The article presents a study which compares the economies of the straight patron-driven acquisition (PDA) business model and the PDA model that uses the short-term loan (STL) component. It mentions that PDA ebook purchasing model is being used by the Kent State University Libraries since January 2012. It states that the study help libraries gain a better understanding of how PDA works in different scenarios.
Purpose: This paper aims to describe work at Kent State University Libraries and Media Services to promote and devise electronic thesis and dissertation (ETD) storage at OhioLINK’s ETD Center, to find efficient methods to represent these unique scholarly materials within the library’s catalog, and to foster the establishment of state-wide library catalog standards for ETDs.
A semi-automated process has been devised that extracts student-supplied metadata already available in the OhioLINK ETD Center to provide almost instantaneous access to unique resources through the library catalog. A Perl program uses the OAI-PMH protocol to extract metadata, modifies and enhances the data, and inserts it into the Innovative Interfaces, Inc. catalog. Significant effort was made to map the data from ETD-MS to MARC. Catalogers retrieve records for completion and contribute full bibliographic records to OCLC WorldCat in addition to the local and consortium catalogs.
The process successfully produces a provisional bibliographic record that is useful immediately for resource discovery and that can serve as the basis for full cataloging.
This research provides libraries with a method they can adapt locally to provide provisional level access, full level access, or both, to unique scholarly research.
This research broke new ground regarding the use of a software agent to repurpose metadata in library catalogs. It also impacted national cataloging standards for ETDs.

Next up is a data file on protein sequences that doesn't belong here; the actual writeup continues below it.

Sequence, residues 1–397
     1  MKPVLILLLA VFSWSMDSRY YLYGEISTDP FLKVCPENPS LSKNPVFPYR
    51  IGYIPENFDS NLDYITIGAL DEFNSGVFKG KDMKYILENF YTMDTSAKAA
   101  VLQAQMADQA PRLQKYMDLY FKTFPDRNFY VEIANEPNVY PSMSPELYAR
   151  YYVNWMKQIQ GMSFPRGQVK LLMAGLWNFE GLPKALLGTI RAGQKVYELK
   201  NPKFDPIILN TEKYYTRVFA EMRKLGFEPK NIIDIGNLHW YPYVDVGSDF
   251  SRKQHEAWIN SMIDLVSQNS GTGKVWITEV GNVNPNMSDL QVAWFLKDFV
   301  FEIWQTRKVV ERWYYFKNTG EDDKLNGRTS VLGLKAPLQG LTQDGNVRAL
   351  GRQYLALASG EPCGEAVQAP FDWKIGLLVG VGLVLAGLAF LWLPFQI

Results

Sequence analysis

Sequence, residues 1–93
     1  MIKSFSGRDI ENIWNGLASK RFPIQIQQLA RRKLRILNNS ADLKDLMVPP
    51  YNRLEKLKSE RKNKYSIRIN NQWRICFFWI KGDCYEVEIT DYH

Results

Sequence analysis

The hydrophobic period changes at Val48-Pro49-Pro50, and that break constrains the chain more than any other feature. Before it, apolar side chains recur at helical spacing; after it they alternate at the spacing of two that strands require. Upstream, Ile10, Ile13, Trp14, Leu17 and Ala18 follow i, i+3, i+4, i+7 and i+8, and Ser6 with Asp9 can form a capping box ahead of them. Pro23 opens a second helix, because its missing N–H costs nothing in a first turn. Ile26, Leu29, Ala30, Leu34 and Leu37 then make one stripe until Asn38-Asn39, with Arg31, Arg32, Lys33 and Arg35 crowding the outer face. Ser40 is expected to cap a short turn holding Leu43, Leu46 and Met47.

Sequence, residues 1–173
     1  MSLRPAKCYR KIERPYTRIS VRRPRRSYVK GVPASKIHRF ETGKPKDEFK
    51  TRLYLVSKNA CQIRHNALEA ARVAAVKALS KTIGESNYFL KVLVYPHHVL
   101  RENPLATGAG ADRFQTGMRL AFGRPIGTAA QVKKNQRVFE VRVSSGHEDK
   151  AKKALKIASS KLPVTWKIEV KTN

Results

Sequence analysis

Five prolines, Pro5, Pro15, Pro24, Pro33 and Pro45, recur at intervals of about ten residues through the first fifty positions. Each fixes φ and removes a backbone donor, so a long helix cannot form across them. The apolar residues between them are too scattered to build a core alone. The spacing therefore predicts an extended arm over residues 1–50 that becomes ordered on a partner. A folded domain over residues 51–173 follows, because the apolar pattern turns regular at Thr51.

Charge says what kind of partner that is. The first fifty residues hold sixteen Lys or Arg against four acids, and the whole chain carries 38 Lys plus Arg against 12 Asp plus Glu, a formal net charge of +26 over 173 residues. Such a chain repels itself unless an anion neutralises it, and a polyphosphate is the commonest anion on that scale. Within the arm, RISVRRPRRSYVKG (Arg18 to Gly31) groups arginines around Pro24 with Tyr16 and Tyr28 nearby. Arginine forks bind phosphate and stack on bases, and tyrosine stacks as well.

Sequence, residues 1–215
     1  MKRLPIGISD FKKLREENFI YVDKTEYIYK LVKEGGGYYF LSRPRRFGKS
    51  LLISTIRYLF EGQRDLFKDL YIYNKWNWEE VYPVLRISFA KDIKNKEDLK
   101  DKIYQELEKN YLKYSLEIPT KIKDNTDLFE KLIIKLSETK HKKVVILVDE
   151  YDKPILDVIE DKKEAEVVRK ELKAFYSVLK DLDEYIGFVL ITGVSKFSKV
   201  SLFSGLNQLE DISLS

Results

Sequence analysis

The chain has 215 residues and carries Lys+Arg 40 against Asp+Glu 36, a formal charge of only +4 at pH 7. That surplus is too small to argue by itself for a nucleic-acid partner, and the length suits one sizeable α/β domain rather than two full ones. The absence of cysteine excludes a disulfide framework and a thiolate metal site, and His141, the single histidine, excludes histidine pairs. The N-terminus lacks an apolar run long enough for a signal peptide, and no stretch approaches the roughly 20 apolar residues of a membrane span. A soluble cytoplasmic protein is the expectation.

Purpose – The purpose of this paper is to share the experience of using the LibQUAL+™ library assessment suite in a statewide library consortium. Design/methodology/approach – The paper provides anecdotal information about one consortium’s experience implementing the LibQUAL+™ survey. It provides a description of the survey and a narrative of the Keystone Library Network’s experience, and includes other information from published literature regarding the survey’s implementation in other libraries and library consortia when relevant. Findings – Implementing a library service quality survey as a consortium has benefits, but also provides challenges. Consortium-wide planning, training, coordination, survey promotion, and intra-consortium communication are important. Practical implications – Consortia considering performing a library assessment will want to consider the challenges and considerations mentioned. Originality/value – This paper provides information about, and suggestions for, implementing the survey in a consortium, differing from the existing body of literature that tends to focus on the instrument itself or on interpreting outcomes.
In January 2012, Kent State University Libraries implemented a
six-month pilot project for a Demand-Driven Acquisitions (DDA)
ebook purchasing model that uses a combination of the acquisition
services provided by the primary book jobber (YBP) and the ac-
cess services provided by a well-known ebook distributer (eBrary).